One month into her mandate, new European Central Bank president Christine Lagarde has already said many times that she wants to “review” the monetary policy she inherited from predecessor Mario Draghi. What she means by that is unclear, and Lagarde has so far toed the line in her pronouncements about the policy itself. She seems eager to rebuild bridges with Germany, which had collapsed under Draghi. She is right: Her best contribution for now would be to stay the course and keep the policy unchanged.
It’s easy to see why she could be tempted down a different course. German public opinion has become estranged from the ECB, business confidence seems to have come back slowly after months of pessimism, and it would be natural for a new ECB president to be eager to put her mark on policy. None of these reasons, however, would justify a change of policy.
1- Germany: not as strident
German policy makers seem keen on giving Lagarde the benefit of the doubt, but German opinion, egged on by the screaming headlines of the country’s tabloid press, is still complaining about the low interest rates that hit a country of savers particularly hard. But the disconnect between the country and the ECB may not be as important as often described. A rising choir of German economists are defending the central bank. One of the country’s top economists, Marcel Fratzscher, the director of the Berlin-based German Institute for Economic Research, recently took to Twitter to denounce the “20 myths” most prevalent in Germany about the ECB. And another representative of this school of thought, Isabel Schnabel, has just been chosen as a member of the ECB’s six-strong executive committee.
Lagarde in other words, may benefit from some respite on the German side.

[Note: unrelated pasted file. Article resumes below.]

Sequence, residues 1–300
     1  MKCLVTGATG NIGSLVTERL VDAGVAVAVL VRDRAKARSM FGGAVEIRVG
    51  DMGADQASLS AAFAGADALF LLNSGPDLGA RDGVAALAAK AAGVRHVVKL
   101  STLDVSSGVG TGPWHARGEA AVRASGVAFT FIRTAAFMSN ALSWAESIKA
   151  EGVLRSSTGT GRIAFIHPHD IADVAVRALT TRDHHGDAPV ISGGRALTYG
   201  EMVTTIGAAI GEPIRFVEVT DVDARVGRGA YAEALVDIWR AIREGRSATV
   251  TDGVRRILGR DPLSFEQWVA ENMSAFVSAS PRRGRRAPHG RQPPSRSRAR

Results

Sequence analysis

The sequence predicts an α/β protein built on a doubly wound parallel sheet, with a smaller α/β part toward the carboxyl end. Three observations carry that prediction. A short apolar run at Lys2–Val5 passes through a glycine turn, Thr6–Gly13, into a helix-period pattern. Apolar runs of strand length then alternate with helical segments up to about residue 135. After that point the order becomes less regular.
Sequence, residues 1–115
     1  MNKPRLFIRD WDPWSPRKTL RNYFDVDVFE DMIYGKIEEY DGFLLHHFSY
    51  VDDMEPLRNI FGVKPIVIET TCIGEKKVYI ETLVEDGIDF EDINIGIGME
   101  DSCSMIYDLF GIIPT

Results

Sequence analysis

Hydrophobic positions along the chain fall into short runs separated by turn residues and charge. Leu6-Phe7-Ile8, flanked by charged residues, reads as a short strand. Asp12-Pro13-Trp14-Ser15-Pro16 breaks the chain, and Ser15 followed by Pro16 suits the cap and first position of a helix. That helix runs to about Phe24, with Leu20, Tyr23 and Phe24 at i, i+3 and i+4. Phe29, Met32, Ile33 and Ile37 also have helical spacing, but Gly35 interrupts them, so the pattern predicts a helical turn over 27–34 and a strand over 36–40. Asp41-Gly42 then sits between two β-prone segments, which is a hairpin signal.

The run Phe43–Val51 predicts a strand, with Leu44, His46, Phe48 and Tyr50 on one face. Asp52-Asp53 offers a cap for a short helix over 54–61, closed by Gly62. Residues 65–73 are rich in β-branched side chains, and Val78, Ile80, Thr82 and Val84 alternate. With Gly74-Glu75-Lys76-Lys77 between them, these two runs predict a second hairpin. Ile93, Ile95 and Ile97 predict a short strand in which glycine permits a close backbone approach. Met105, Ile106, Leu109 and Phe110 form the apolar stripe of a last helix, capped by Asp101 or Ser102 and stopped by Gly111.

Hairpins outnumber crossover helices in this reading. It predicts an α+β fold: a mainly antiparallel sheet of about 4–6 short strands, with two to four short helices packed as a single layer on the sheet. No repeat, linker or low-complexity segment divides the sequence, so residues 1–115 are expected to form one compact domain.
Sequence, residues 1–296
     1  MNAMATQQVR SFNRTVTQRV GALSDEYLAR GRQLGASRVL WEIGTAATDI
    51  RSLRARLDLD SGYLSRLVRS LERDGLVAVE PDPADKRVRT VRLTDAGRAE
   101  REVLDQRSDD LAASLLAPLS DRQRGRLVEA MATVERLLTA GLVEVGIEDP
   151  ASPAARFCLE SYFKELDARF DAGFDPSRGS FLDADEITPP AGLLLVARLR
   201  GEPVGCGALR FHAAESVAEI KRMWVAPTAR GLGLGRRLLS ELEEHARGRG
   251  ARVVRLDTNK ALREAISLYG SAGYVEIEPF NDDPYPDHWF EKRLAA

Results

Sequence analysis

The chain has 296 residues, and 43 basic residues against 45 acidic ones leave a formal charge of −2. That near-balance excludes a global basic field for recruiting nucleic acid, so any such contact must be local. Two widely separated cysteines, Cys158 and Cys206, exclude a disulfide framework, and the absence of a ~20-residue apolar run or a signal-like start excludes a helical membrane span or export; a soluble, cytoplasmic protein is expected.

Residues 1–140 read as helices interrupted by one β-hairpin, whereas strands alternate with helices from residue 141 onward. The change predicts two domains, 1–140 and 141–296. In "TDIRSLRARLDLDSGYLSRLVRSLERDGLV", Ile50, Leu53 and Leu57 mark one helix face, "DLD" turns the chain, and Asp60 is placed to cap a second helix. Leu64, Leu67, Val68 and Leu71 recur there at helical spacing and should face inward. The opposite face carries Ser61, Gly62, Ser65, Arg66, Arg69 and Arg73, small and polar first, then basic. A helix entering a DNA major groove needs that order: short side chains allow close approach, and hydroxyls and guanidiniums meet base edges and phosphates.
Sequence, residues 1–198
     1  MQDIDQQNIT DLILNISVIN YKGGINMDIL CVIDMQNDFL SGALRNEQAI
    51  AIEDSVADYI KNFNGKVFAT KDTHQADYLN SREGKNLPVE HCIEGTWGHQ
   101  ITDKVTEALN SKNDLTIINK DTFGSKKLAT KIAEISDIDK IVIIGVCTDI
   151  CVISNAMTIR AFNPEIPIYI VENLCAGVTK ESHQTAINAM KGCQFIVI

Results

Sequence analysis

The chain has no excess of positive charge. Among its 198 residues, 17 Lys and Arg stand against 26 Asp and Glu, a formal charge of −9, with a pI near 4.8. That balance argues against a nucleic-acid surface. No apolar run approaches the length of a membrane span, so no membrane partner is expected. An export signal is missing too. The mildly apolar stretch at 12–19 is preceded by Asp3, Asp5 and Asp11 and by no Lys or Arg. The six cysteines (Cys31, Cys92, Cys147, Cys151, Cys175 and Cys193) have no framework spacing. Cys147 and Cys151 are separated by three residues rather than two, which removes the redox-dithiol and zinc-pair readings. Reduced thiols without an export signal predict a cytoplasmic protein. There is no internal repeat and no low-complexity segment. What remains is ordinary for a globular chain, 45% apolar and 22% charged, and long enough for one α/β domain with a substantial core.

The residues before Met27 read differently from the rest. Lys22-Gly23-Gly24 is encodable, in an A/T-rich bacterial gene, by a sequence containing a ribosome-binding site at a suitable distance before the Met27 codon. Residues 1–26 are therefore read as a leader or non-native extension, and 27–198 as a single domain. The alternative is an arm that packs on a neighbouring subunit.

2 – The economy: still weak.
As Lagarde noted in her audition in front of the European Parliament on Monday, “euro area growth remains weak.” And the fact that the slump is due to causes that are beyond Europe’s reach – namely the trade disputes triggered by the US government – doesn’t mean that the ECB is powerless, she added: “Monetary policy can respond even when growth dampened by external factors.”
The first indications that confidence may be returning in the region still leaves the eurozone weak, and at the mercy of worsening relations between the US and China. That is not in itself a reason for the ECB to even hint it may phase out its “unconventional” policies. Inflation may have hedged up slightly in November (to an annual 1%) but expectations of what it may be in the future are still at “historical lows”, Lagarde reminded European MPs Monday.
3 – Lagarde: A learning curve.
The ECB president gave a few indications on what type of “review” the ECB’s top bodies will undertake “in the near future”. It will be a “strategy” review, she said, which will be based on “thorough analysis” and “an open mind”. But she also hinted that it would take many months, and run well into the end of 2020. Many things would deserve to come under review, and monetary policy has been the topic of enough intense debates in recent years to provide ample intellectual fodder for the impending review. Notably, isn’t it time to redefine inflation targets in an era where inflation itself seems to have declined to its lowest post-World War 2 levels?
Lagarde, reputed to be a hard worker and a fast learner, will use these months to make up her own mind on monetary policy. A lawyer by training, she is still for now, she told Parliament, “learning central banking”. That modesty alone also seems to insure that no major change of monetary policy should be expected in the months to come.